10 Other Ways to Say “May I Have Your Attention, Please?”

Have you ever found yourself saying, “may I have your attention, please?” and wondered if there’s a better way to say it? We have, and we want to share some of the best alternatives to help you out.

Check out these phrases to see which one works best for you:

  • Excuse me
  • Attention, please
  • Pardon me
  • Quiet, please
  • Silence
  • Gather around, please
  • Enough
  • Please listen
  • Listen up
  • If I could have a moment of your time

Other ways to say “may I have your attention, please,” are “excuse me,” “attention, please,” and “pardon me.” These phrases are great to use just before an announcement. They typically grab the audience’s attention well, allowing you to focus on what you need to say without disturbance.

Other Ways to Say May I Have Your Attention, Please

1. Excuse Me

“Excuse me” is a much simpler alternative to “may I have your attention, please.” It shows that you have something to say and need everyone’s attention in fewer words. This is great when you want everyone to focus as quickly as possible.

“Excuse me” is useful as another way to say, “may I have your attention, please.” It works in both formal and informal situations, making it one of the most effective tools when you need a group of people to quieten down

  • Excuse me! I have a few things I would like to announce. Would you all please be quiet until I sort this out?
  • Excuse me, please. I would like to give my speech now. I think it’s about time I said a few words.

2. Attention, Please

“Attention, please” Is a much more formal synonym. It also uses fewer words than “may I have your attention, please,” making it less polite. However, what “attention, please” lacks in politeness, it more than makes up for in conciseness.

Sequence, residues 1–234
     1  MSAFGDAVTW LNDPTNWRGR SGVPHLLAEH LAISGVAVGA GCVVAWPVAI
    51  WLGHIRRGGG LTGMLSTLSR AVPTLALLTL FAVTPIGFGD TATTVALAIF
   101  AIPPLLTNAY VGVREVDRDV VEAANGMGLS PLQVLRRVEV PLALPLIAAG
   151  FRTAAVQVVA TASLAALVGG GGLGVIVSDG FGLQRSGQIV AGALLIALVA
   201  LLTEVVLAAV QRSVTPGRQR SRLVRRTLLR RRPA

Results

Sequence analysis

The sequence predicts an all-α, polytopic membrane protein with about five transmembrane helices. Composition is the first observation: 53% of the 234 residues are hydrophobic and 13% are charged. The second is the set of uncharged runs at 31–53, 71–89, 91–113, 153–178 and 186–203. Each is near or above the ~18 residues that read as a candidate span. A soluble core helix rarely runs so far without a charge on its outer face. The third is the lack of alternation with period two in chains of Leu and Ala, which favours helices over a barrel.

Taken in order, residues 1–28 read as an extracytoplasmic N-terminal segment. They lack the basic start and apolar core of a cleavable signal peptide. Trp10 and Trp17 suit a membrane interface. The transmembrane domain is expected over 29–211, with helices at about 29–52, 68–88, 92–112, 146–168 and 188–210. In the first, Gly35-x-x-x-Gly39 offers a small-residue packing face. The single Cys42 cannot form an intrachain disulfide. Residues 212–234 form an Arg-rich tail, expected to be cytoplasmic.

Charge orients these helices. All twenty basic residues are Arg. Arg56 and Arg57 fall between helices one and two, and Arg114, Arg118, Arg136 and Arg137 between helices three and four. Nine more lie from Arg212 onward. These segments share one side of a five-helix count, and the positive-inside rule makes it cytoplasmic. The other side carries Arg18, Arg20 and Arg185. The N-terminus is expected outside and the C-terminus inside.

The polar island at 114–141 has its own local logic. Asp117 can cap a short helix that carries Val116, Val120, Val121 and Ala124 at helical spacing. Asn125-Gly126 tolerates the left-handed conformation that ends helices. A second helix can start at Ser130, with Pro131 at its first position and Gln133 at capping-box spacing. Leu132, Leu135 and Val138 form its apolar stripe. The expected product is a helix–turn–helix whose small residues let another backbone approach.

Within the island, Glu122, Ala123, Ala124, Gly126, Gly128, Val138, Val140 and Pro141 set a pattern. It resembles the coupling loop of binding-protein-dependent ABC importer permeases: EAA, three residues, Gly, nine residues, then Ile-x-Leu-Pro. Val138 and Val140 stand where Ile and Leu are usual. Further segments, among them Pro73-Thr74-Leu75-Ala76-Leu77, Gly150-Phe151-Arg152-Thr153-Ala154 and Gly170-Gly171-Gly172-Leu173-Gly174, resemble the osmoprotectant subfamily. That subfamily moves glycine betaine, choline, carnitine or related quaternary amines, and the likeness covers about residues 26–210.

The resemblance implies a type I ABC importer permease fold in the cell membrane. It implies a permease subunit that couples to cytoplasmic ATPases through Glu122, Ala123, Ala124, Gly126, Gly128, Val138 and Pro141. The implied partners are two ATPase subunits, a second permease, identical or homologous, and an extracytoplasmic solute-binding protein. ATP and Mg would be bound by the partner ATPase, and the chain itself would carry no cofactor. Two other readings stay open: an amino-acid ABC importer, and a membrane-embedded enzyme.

You should use “attention, please” when you want someone’s direct attention. It shows you do not have time to wait around listening to them talk to other people. If you have something very important to say, this phrase is the best way to get it out.

  • Attention, please. You should not be speaking while I am trying to deliver this message to the class.
  • Attention, please, students. I want to discuss the next topic I want us all to run through.

3. Pardon Me

“Pardon me” is a very polite alternative for what to say instead of “excuse me.” You should use it when you’d like people to listen up, though it isn’t as demanding as the others. You might need to use “Pardon me” more than once unless you’re very good at making yourself heard.

“Pardon me” is a great synonym, but it can be weak if you don’t commit to it. If you want to use this to get a group’s attention, you’ll want to say it with more conviction than some other phrases.

  • Pardon me if you could all be quiet for a short while. There are things I would like to discuss with you.
  • Pardon me, but do you mind leaving your conversations until later in the day? Thank you so much.

4. Quiet, Please

“Quiet, please” suggests that you’d appreciate people being quiet while speaking. It is a gentle demand you can use. It’s great when thinking about how to say “may I have your attention, please” more concisely.

While this phrase doesn’t strictly ask for someone’s “attention,” it still works well in this context. Asking for “Quiet” is a great way to ensure that people are focused on you and what you have to say to them.

  • Quiet, please. I would like to get through this meeting without any hitches. Can you all listen up?
  • Quiet, please. We have got to go through all of the options now. I don’t want to miss anything important.

5. Silence

“Silence” is a great synonym if you know you have power or authority over the audience. If you don’t know those things for certain, you might get yourself into a lot of trouble with a synonym like “silence.”

“Silence!” is an exclamation used to exert dominance and quieten a room to get them to listen to you. It allows people to give you their full focus or attention when you are about to speak in a formal capacity.

This term is reserved for bosses or superiors who know they deserve respect from the people they are telling to remain in “silence.” You should be careful with this one, though. It’s very commanding, making it sound like you are better than the audience.

In informal situations, a word like “silence” will never go down well. It might get your peers’ attention, but it will not yield positive results.

  • Silence! You should not be speaking at the moment. There will be plenty of time for discussion later.